Widewalls: You have a lot of experience in the art world, including managing and curating the exhibitions of some of the most prestigious contemporary artists. What would you advise to young art professionals who are entering the art world, or who are considering to open a gallery?

ZAB: The best advice I could give anyone is to have faith. It is a rollercoaster journey, but remember you’re fortunate to be able to take a ride in such a diverse industry full of beauty and wonder. You’ll have days of self-doubt and face many challenges. However, if you put in the work it will pay off. Find what you’re passionate about and then focus your gallery around that. I feel the most successful galleries tend to reflect the gallerists’ vision or personality as it’s more genuine.

Also, don’t pay too much attention to what everyone else is doing, keep an eye on trends but focus on what you’re striving to achieve. Lastly, network with other businesses and don’t be afraid to ask for advice or tips on what works for them, whether it’s a salon, estate agency, fashion or coffee shop; we all learn from each other and are closer connected than we initially realize.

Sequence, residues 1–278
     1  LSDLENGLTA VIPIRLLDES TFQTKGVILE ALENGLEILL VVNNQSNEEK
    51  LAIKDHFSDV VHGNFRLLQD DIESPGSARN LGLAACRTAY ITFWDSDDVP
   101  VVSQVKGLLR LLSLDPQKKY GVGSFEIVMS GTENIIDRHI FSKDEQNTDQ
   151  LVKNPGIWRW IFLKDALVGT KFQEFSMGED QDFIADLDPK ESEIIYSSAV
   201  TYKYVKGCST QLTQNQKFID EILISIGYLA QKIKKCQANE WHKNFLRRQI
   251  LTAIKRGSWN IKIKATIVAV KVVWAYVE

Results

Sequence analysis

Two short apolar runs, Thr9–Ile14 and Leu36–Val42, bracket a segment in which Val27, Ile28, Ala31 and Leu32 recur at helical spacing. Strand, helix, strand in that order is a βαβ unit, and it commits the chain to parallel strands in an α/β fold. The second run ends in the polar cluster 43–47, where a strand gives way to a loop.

Widewalls: What can we expect from Reem Gallery in the following months or years? Any exciting projects or exhibitions you would like to share with us?

ZAB: Currently we’re in the middle of our spring exhibition which showcases the wide range of our portfolio. Later this year, we’re hosting JJ Adams at Glo in Camberley, which is a great opportunity for collectors to meet the artist in an awesome setting that includes a champagne bar! Further details on that exhibition are to be announced soon.

Following that we’re looking at interesting ways to take the gallery to our clients that are further afield, with exhibitions and appearances in London, Paris and New York being worked on whether in the guise of a pop-up location for a period of time or through art fairs. I have a lot of ideas for exhibitions I’d love to get off the ground that are in the pipeline and I hope in the years to come we’ll be able to execute them. At the moment it’s just a case of watch this space for now but definitely exciting times ahead.

All images courtesy Reem Gallery.